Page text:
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The French Quarter, or Vieux Carre ("old square" in French), is the original townsite of La Nouvelle Orleans. The 6x11-block grid was laid out in around 1721 by Adrien de Pauger. The French Quarter and New Orleans remained French territory until 1762, when the Spanish gained control due to Louis XV ceding the land to his cousin, Carlos III of Spain. Most buildings in the French Quarter date back to Spanish colonial times, mainly because of fires in 1788 and 1794 that burned down almost all of the French architecture. The Spanish enforced a fire code that encouraged stucco, which resulted in the painting of stucco into pastel colors that are familiar today. The wrought iron and cast iron balconies and galleries complimented the pastel colors.


Restaurants on Chartres Street.



Businesses on Iberville Street at Chartres Street.



Businesses and apartments on Chartres Street.



Buildings at Bienville & Chartres Streets.



Buildings on Chartres Street.



An old house at Chartres & Conti Streets.



Buildings on Conti Street near Exchange Place.



Exchange Place, an old pedestrian street that used to be a marketplace. Exchange Place was named after the City Exchange, which was New Orleans' major auction market.



Buildings on Royal Street.



Bars on Bourbon Street.



An old house on Dauphine Street at Conti Street.



The Famous Door nightclub, on Conti Street at Bourbon Street. The jazz club was founded in 1935.



Bars and strip clubs on Bourbon Street.



Businesses on Bourbon Street.



Buildings on Toulouse Street.



Bars on Bourbon Street.



A bar at Bourbon & St. Peter Streets.



The Bourbon Orleans Hotel, on Bourbon Street at Orleans Street. The hotel used to be the site of the Salle D'Orleans, also known as the Quadroon Ballroom. The ballroom was where White men courted Quadroon women.



Looking up Orleans Street from Bourbon Street.



A building at Bourbon & St. Ann Streets.



Looking down St. Ann Street towards Royal Street, with the Bourbon Orleans Hotel on the right.



Looking down Orleans Street from Bourbon Street at the St. Louis Cathedral, the seat of the Roman Catholic Archdiocese of New Orleans.



Looking west up Bourbon Street from St. Peter Street.



A restaurant on Bourbon Street.



Looking south down Bourbon Street towards Canal Street and the Hibernia Bank Building.



The Inn on Bourbon, a Ramada hotel. The site used to be the location of the French Opera House, built in 1859 when the French-speaking Creole population was beginning to decline. The current structure was built in the 1960s in the Vieux Carre Revival style.



Bars on Bourbon Street.



The former Bank of Louisiana building, on Conti Street across from the Civil Courts Building. The structure was built in 1826.



Buildings on Chartres Street.



Businesses on Chartres Street.



Businesses on Bourbon Street, including Galatoire's Restaurant. Galatoire's was started by Jean Galatoire in 1897. After purchasing Victor's restaurant from Victor Bero, patrons began calling the restaurant "Galatoire's", and the name became official in 1905.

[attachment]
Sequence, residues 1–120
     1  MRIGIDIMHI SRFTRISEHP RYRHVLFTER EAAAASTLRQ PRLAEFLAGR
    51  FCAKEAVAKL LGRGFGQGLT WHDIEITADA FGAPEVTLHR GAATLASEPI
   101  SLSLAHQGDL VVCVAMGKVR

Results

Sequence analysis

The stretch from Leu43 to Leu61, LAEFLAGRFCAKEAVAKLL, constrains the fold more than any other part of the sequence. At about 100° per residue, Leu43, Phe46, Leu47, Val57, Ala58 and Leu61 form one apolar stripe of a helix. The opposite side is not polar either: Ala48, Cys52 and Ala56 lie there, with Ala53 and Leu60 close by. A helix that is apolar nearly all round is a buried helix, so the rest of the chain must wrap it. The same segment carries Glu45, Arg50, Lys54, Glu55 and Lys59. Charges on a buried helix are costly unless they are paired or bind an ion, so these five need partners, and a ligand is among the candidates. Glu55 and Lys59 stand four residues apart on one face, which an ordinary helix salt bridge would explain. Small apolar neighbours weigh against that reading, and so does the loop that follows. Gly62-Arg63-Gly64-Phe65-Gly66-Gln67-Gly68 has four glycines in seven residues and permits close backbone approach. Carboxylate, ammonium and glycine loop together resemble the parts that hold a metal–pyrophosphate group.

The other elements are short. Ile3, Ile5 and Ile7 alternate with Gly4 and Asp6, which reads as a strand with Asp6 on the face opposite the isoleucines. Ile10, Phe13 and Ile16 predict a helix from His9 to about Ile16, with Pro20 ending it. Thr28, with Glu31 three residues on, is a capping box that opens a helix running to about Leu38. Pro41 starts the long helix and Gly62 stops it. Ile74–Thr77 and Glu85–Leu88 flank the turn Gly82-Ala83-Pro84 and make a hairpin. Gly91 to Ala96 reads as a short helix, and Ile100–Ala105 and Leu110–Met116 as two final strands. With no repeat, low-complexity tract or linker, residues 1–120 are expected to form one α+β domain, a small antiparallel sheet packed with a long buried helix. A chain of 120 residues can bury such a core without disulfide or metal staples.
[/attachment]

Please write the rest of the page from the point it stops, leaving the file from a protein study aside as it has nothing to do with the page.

Buildings on Bienville Avenue.



Businesses on Bourbon Street.



The Royal Sonesta Hotel on Bourbon Street.



The Old Absinthe House, built in 1806, at Bourbon & Bienville Streets. The fanlight windows were once part of an entresol, a middle floor that was used in Spanish-colonial buildings as a storage space. The entresol was removed to provide a higher ceiling for the ground floor of Fat Catz, the bar that occupies the building.



Bars on Bourbon Street, with the Astor Crowne Plaza on Canal Street in the background.

 

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Nice pics! Glad to see you did your homework on the FQ too, although I will say Eagles fans suck. :) I had to hear the Eagles chant while being stuck in traffic for a while after getting out of the game. :lol:
 

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Great pics Matt. I didn't know that the Inn on Bourbon was a Ramada, was it that way before Katrina? Surely, not, but I've never actually stayed in the French Quarter overnight (MOST of the night does not count lol!). You forgot to get Tennessee William's old lair in Pirate Alley! That's the most beautiful scene in the entire French Quarter.
 

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Nice pics! Glad to see you did your homework on the FQ too, although I will say Eagles fans suck. :) I had to hear the Eagles chant while being stuck in traffic for a while after getting out of the game. :lol:
Us Eagles fans were pretty quiet at the game, actually. The season before this, I went to a game in Tampa, and that was an ugly mess in the stands. Of course, Eagles fans did cause some ruckus on Bourbon Street, but I think everyone that's there does that.
 

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Us Eagles fans were pretty quiet at the game, actually. The season before this, I went to a game in Tampa, and that was an ugly mess in the stands. Of course, Eagles fans did cause some ruckus on Bourbon Street, but I think everyone that's there does that.
It was mainly after the game in which the Saints of course lost.
 

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What a tour!!! Excellent pics, brought back good memories, hehehe.

The feeling that FQ has is like being in Latin America, very laid back, and fun. Thanks.
 
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